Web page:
Zoeller suits allege lack of training, certification
INDIANAPOLIS (Legal Newsline) - Indiana Attorney General Greg Zoeller has filed two civil lawsuits against businesspeople who allegedly took advantage of consumers seeking immigration assistance.
The lawsuit names Evelyne O. Casiano, doing business as United Hispanic Caring Heart, in Fort Wayne, Ind., as well as the Mexican Civic Association of Indiana Inc. and M. Esther Barber, doing business as Asociacion Civica Mexicana De Indiana Inc., based in Indianapolis.
The two defendants allegedly offered immigration-related services to Spanish-speaking clients but did not have the required licenses or training to do so. Neither defendant is a licensed attorney and neither is legally certified or trained to provide advice on immigration laws to clients.
"To profit from immigrants' desperation over their legal status is considered 'exploitation' in any language," Zoeller said. "In both lawsuits, my office is asking the court to stop these defendants from taking money from consumers for services they legally cannot provide."
Zoeller alleges that Casiano operated as a "notario public" since 2008. Two consumers allegedly paid Casiano for services, including selecting, completing and filing forms with U.S. Citizenship and Immigration Services.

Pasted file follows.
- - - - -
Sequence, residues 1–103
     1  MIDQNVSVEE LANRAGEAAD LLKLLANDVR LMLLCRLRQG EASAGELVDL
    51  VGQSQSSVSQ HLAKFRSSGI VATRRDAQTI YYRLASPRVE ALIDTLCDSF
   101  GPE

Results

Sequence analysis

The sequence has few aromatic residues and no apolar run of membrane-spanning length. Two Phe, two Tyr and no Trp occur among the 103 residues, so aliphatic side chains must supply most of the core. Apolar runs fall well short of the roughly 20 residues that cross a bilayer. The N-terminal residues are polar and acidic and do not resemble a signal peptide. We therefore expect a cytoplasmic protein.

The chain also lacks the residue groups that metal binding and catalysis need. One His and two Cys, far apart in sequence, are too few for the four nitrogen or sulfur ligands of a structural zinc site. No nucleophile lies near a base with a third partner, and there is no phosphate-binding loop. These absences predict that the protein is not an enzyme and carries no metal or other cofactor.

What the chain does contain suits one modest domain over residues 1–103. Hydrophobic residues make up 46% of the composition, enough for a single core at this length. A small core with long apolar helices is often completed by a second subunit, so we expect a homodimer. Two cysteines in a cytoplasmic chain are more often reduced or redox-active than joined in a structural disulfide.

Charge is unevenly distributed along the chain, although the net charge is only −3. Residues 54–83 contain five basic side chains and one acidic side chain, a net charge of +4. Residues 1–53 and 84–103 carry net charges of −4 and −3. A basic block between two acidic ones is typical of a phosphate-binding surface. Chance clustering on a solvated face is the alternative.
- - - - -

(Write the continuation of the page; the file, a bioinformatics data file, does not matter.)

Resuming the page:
Casiano claimed to be an "assistant to an attorney," Zoeller alleges, though no such relationship existed.
In the case of M. Esther Barber, Zoeller alleges that Barber directed advertisements at the Spanish-speaking community purporting to be able to provide immigration assistance.
Barber allegedly selected, prepared and completed USCIS immigration forms for consumers for a fee, which is a violation of Indiana law.
In both lawsuits, Zoeller alleges that the defendants were knowingly in violation of the Deceptive Consumer Sales Act by providing services without the required licenses and training.
Zoeller's lawsuits seeks an injunction against Barber and Caisano to prevent them from providing consumers with immigration policy aid, from preparing USCIS forms on consumers' behalf and from accepting payment for attorney services without obtaining a license to practice law.
Additionally, the lawsuits seek consumer restitution for unlawfully obtained funds, civil penalties of up to $5,000 for each knowing violation and up to $500 for each intentional violation of the Deceptive Consumer Sales Act.